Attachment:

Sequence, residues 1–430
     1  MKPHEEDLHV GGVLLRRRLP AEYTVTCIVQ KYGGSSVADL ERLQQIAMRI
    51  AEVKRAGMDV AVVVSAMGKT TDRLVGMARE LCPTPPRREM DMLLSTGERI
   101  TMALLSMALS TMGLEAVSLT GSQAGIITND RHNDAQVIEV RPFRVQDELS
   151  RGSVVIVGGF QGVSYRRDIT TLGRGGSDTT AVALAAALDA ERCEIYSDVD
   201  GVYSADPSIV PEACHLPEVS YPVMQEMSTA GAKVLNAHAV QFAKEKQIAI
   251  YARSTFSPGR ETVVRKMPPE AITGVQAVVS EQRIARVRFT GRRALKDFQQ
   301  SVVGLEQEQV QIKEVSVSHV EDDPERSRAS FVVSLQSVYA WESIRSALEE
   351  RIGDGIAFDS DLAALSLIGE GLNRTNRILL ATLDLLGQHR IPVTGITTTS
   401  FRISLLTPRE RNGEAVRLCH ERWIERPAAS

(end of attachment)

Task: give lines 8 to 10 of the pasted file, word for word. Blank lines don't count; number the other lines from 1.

   301  SVVGLEQEQV QIKEVSVSHV EDDPERSRAS FVVSLQSVYA WESIRSALEE
   351  RIGDGIAFDS DLAALSLIGE GLNRTNRILL ATLDLLGQHR IPVTGITTTS
   401  FRISLLTPRE RNGEAVRLCH ERWIERPAAS